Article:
Some myths about brake systems make sense and seem to explain a problem, but they do not resolve the real issues. A lot of these myths are built from outdated history and should just go away. Here are seven myths about brake pads and brake rotors that can hinder efforts to solve brake problems.

MYTH: Heat is what determines the Minimum Thickness Specification of a Brake Rotor

Heat has nothing to do with this specification. The minimum thickness is based on how far the brake caliper piston will travel if the brake pads were worn all the way to the backing plates. If your brake pads or brake rotor were worn to below specification, the caliper piston could extend past the bore and start leaking.

MYTH: There are "Soft" and "Hard" Brake Pads

The average driver thinks of a "hard" brake pad as semi-metallic and a "soft" pad as typically an organic or ceramic. Both of types of friction materials can be the same in terms of compressibility. Calling one material soft and one hard is not accurate. Compressibility can influence pedal feel, but usually only when the brake pad is defective. What really influences pedal feel is the pad's coefficient of friction. Engineers measure compressibility as a quality control measurement and not as a performance measurement and it has very little to do with noise or rotor wear.

MYTH: Brake Line Damage Can Cause Brake Drag

All modern brake lines are usually composed of two or three layers with a stiff internal liner that is in contact with the fluid. The outer layers are typically a softer material designed to absorb impacts with road debris. If the brakes are stuck on just one wheel, a mechanic could assume that it is a restriction from inside the brake hose where the inner liner was damaged and created a flap that prevents the pressure from releasing the caliper. This could possibly be the cause, but usually if the brake line was damaged the entire liner would fail and the brake fluid pressure would make the hose bulge or burst. The restriction is more likely to be from stuck emergency brakes, caliper slides, brake booster, or valve problems.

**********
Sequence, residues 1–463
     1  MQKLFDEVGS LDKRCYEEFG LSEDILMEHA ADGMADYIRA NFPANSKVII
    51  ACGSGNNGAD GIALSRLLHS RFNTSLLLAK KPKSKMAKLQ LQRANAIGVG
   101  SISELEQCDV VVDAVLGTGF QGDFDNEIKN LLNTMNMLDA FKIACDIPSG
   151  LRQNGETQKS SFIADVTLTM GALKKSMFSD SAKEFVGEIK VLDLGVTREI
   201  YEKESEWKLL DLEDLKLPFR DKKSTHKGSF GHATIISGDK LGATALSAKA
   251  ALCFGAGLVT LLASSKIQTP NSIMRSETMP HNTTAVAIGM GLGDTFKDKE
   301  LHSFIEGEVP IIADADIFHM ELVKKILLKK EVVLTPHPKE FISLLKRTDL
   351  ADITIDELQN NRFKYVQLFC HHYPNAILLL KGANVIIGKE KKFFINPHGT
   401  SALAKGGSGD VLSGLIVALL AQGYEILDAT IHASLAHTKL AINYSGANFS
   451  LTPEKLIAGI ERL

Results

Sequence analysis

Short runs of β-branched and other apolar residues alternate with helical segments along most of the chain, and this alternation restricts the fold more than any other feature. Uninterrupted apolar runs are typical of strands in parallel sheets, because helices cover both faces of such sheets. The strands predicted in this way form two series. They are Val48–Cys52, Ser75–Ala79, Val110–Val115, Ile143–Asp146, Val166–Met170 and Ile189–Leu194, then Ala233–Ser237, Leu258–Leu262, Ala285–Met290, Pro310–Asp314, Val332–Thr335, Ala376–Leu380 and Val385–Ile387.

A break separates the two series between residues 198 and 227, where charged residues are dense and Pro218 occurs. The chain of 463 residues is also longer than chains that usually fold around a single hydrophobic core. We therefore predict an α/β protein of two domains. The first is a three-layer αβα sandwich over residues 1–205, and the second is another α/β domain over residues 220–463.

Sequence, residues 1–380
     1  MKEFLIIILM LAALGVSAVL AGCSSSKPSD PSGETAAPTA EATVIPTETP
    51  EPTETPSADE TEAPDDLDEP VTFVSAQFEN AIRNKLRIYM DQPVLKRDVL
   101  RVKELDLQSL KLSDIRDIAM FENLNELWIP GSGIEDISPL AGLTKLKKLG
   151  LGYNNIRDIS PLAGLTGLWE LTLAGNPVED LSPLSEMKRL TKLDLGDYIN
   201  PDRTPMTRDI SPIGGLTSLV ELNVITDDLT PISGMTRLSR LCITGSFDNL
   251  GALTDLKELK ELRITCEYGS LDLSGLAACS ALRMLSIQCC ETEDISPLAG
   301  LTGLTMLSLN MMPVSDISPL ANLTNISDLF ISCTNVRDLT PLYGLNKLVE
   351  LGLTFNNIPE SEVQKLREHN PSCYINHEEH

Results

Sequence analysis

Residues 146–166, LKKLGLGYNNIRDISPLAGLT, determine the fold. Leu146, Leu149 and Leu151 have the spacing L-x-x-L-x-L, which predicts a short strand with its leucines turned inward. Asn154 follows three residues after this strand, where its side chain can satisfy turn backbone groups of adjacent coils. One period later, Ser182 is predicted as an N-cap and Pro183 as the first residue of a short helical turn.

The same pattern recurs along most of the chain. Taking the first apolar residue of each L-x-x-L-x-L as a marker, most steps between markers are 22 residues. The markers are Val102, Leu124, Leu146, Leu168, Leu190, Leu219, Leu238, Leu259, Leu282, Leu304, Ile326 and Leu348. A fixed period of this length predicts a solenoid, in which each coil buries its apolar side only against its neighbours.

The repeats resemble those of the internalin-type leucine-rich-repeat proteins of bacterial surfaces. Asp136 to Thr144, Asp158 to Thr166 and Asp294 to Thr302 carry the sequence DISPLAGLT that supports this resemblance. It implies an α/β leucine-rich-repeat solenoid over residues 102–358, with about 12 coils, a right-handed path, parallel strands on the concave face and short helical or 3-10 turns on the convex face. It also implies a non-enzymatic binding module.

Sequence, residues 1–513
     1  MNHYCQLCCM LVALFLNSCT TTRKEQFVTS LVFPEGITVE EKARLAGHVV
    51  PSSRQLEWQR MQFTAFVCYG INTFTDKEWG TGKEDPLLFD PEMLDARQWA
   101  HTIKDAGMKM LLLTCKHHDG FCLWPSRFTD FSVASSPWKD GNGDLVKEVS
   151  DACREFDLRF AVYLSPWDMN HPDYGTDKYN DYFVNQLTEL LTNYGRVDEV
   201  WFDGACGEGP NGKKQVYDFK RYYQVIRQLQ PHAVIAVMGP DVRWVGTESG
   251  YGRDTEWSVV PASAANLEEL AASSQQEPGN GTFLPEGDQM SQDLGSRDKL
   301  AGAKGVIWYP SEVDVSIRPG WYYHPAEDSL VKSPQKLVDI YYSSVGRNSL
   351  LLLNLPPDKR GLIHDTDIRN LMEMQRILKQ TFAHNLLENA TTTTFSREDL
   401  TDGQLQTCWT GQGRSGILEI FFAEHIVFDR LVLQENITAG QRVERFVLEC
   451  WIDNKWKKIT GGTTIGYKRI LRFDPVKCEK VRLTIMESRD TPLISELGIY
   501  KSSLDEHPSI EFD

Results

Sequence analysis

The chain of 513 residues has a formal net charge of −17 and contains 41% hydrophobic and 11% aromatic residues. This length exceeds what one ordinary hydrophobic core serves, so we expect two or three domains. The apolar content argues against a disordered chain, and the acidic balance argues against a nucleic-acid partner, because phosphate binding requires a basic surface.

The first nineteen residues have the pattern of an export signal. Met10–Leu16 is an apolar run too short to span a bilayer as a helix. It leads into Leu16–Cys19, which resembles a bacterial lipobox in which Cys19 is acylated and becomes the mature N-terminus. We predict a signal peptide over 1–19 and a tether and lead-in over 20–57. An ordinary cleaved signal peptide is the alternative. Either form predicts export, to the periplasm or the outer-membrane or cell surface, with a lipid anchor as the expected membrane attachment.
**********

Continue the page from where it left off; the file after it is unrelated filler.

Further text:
MYTH: Wet Brakes Increase Stopping Distances

If you have drum brakes it might be a good idea to tap the brake pedal after you drove through a deep puddle to clear the water from the brakes, but with disc brakes this has become unnecessary. If the wheels are turning, water will be thrown away from the brake rotor by centrifugal force.

MYTH: Brake Pads are Regulated by the Government

There are no government regulations concerning the performance of aftermarket brake pads.

MYTH: Brake Pads Need to Warm Up

Most brake pads are designed to produce an even amount of brake torque across a wide spectrum of temperatures, including at very low heat. This is true for the exotics with carbon ceramic brakes as well as for standard everyday vehicles. The exception to this would be racing quality pads that require heat to generate its highest coefficient of friction. Manufacturers of these pads will specify these pads are only for off-highway racing purposes, and would not be something most mechanics would recommend.

MYTH: Brake Pads Are The Source of All Brake Noise

All brake pads produce vibrations when they are applied. But only if the vibrations are transferred to the vehicle, will a driver actually hear it. Typically, most high frequency noises come from the brake caliper, brake rotor or bracket. Low frequency sounds are usually caused more by the body structure of the vehicle. What usually causes brake pad noise is a change in the material due to heat. A more consistent friction material causes less vibrational excitation variation at the friction coupling by having consistent brake torque at environmental extremes of humidity and temperature. A few options to solve brake pad noise are to isolate the brake pads with lubricant, shims, and renewing the brake hardware.

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